Google Google

EU antitrust Commissioner Margrethe Vestager, pictured last summer, announced a fine against Google over the way it ranks shopping services in its search results. Darko Vojinovic/AP hide caption

toggle caption
Darko Vojinovic/AP

Google has announced it will no longer scan users' emails to target ads. Above, the company's headquarters in Mountain View, Calif., in 2015. Justin Sullivan/Getty Images hide caption

toggle caption
Justin Sullivan/Getty Images

Ke Jie, the world's No. 1 Go player, stares at the board during his second match against AlphaGo in Wuzhen, China, on Thursday. The 19-year-old grandmaster dropped the match in the best-of-three series against Google's artificial intelligence program. AFP/Getty Images hide caption

toggle caption
AFP/Getty Images

Spectators watch the world's top-ranked Go player, Ke Jie, square off against Google's artificial intelligence program, AlphaGo, during the Future of Go Summit in Wuzhen, China, on Tuesday. The program beat Ke in the first of three planned matches. Peng Peng/AP hide caption

toggle caption
Peng Peng/AP

Dan Howley tries out the Google Daydream View virtual-reality headset and controller on Oct. 4, 2016, following a product event in San Francisco. This week, Google announced plans for stand-alone VR goggles that won't need to be attached to a PC or smartphone. Eric Risberg/AP hide caption

toggle caption
Eric Risberg/AP

Google wants to pump 1.5 million gallons of water per day to cool servers at its data center in Berkeley County, S.C. "It's great to have Google in this region," conservationist Emily Cedzo said. "So by no means are we going after Google ... Our concern, primarily, is the source of that water." Bruce Smith/AP hide caption

toggle caption
Bruce Smith/AP

Google Moves In And Wants To Pump 1.5 Million Gallons Of Water Per Day

  • Download
  • <iframe src="https://www.npr.org/player/embed/527214026/527640481" width="100%" height="290" frameborder="0" scrolling="no" title="NPR embedded audio player">
  • Transcript

This is what the subject line may look like in the email, for people using Microsoft Outlook. The telltale sign something's amiss: that email address with that long line of H's. Screenshot by NPR hide caption

toggle caption
Screenshot by NPR

Taken in aggregate, the billions of online searches we make every day say a lot about our most private thoughts and biases. Lee Woodgate/Getty Images/Ikon Images hide caption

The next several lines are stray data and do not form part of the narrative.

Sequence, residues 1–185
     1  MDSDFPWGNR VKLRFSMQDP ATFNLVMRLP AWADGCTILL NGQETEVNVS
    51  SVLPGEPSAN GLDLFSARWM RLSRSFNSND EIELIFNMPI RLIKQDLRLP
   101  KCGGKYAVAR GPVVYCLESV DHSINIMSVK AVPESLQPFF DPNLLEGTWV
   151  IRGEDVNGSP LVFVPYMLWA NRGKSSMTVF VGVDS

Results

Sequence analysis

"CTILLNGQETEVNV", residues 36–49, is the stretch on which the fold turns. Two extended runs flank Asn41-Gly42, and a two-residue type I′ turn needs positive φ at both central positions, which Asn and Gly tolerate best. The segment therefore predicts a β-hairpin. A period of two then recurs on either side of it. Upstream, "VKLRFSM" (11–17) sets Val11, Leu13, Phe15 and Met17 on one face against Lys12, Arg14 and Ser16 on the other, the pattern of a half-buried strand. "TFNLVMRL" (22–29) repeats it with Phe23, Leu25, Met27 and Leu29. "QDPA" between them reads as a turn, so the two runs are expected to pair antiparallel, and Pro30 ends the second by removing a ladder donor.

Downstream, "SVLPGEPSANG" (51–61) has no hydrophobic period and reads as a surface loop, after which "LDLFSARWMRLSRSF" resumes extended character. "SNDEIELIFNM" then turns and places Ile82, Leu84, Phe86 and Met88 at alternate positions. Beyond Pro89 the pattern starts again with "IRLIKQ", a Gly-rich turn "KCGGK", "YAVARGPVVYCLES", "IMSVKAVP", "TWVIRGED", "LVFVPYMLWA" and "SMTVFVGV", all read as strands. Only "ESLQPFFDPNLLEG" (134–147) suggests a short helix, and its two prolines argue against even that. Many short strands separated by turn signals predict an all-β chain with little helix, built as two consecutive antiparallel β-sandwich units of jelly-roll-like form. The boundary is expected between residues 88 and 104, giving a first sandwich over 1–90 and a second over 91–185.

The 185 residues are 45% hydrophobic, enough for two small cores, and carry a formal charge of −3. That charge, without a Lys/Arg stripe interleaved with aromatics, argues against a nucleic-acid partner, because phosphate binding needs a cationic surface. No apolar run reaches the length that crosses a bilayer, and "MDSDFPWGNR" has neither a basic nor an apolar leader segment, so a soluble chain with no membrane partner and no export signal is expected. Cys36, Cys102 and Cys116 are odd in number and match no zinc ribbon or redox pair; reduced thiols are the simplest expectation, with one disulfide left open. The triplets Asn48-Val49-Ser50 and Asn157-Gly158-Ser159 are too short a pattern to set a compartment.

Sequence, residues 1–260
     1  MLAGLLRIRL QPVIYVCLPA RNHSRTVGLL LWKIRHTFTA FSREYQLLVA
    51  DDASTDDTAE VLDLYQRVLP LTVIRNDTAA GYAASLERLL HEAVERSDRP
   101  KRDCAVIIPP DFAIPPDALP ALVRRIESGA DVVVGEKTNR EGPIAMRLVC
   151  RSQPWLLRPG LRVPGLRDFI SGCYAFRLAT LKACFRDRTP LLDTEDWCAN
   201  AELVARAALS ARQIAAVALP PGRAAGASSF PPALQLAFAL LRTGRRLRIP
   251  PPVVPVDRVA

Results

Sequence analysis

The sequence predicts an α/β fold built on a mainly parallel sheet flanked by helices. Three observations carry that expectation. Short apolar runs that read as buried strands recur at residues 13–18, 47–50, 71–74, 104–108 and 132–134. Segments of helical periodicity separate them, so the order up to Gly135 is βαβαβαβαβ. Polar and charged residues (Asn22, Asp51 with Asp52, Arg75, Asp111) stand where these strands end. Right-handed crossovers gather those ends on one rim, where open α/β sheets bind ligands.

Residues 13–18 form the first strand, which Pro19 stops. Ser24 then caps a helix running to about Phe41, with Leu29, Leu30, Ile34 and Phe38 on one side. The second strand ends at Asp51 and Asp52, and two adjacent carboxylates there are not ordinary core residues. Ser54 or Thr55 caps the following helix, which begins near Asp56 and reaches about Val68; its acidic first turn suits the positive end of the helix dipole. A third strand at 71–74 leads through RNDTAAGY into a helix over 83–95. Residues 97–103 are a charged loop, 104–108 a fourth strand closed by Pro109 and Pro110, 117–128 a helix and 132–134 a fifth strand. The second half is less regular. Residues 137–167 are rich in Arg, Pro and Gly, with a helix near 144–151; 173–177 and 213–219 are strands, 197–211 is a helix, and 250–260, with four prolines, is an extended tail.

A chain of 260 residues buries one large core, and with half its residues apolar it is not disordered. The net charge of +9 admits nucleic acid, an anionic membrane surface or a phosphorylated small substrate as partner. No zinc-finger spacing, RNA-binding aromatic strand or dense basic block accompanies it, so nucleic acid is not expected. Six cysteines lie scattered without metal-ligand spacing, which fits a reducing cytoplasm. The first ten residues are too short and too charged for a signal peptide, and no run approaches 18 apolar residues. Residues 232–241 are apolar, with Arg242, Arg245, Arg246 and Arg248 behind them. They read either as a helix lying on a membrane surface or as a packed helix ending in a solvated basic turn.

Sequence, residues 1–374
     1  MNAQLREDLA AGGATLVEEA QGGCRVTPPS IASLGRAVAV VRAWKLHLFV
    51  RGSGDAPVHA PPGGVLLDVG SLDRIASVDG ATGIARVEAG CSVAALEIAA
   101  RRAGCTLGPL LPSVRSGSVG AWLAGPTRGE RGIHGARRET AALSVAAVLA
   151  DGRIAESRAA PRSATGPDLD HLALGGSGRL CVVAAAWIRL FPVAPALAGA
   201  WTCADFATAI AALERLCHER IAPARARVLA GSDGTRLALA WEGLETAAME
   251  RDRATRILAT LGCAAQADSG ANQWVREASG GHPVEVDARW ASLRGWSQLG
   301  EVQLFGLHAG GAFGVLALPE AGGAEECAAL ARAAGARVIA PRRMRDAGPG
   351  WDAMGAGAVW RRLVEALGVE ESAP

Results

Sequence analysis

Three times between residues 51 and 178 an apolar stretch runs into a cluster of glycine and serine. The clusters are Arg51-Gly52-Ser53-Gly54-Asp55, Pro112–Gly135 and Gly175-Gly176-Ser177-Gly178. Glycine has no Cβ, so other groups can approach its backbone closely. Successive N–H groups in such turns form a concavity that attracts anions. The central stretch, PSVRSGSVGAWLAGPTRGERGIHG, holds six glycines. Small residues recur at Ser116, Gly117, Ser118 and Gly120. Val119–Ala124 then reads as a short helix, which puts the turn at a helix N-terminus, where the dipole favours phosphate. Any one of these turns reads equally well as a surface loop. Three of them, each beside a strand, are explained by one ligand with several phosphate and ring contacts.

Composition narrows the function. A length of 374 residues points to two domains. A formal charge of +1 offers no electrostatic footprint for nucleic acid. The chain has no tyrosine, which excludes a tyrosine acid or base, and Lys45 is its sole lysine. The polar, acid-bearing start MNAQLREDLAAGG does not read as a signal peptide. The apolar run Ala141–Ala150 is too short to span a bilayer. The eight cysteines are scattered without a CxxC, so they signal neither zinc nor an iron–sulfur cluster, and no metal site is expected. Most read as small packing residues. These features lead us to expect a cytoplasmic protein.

toggle caption
Lee Woodgate/Getty Images/Ikon Images

What Our Google Searches Reveal About Who We Really Are

  • <iframe src="https://www.npr.org/player/embed/526399881/554079767" width="100%" height="290" frameborder="0" scrolling="no" title="NPR embedded audio player">
  • Transcript

Google launched its first servers in Cuba this week. Above, people use public Wi-Fi to connect their devices on a Havana street in October 2016. Adalberto Roque/AFP/Getty Images hide caption

toggle caption
Adalberto Roque/AFP/Getty Images

Students at Howard University in Washington, D.C. The historically black university is opening Howard West at Google's headquarters in Mountain View. Howard University hide caption

toggle caption
Howard University

Google Hopes To Hire More Black Engineers By Bringing Students To Silicon Valley

  • Download
  • <iframe src="https://www.npr.org/player/embed/521737097/521737124" width="100%" height="290" frameborder="0" scrolling="no" title="NPR embedded audio player">

Google says it will improve its internal systems and give advertisers more control of where their spots appear, responding to complaints about the pairing of paid ads with offensive content. Marcio Jose Sanchez/AP hide caption

toggle caption
Marcio Jose Sanchez/AP

Anthony Levandowski, who co-founded Otto and is now head of Uber's self-driving-vehicle project, is accused of taking proprietary designs and information with him when he left the Google spinoff Waymo. AFP/Getty Images hide caption

toggle caption
AFP/Getty Images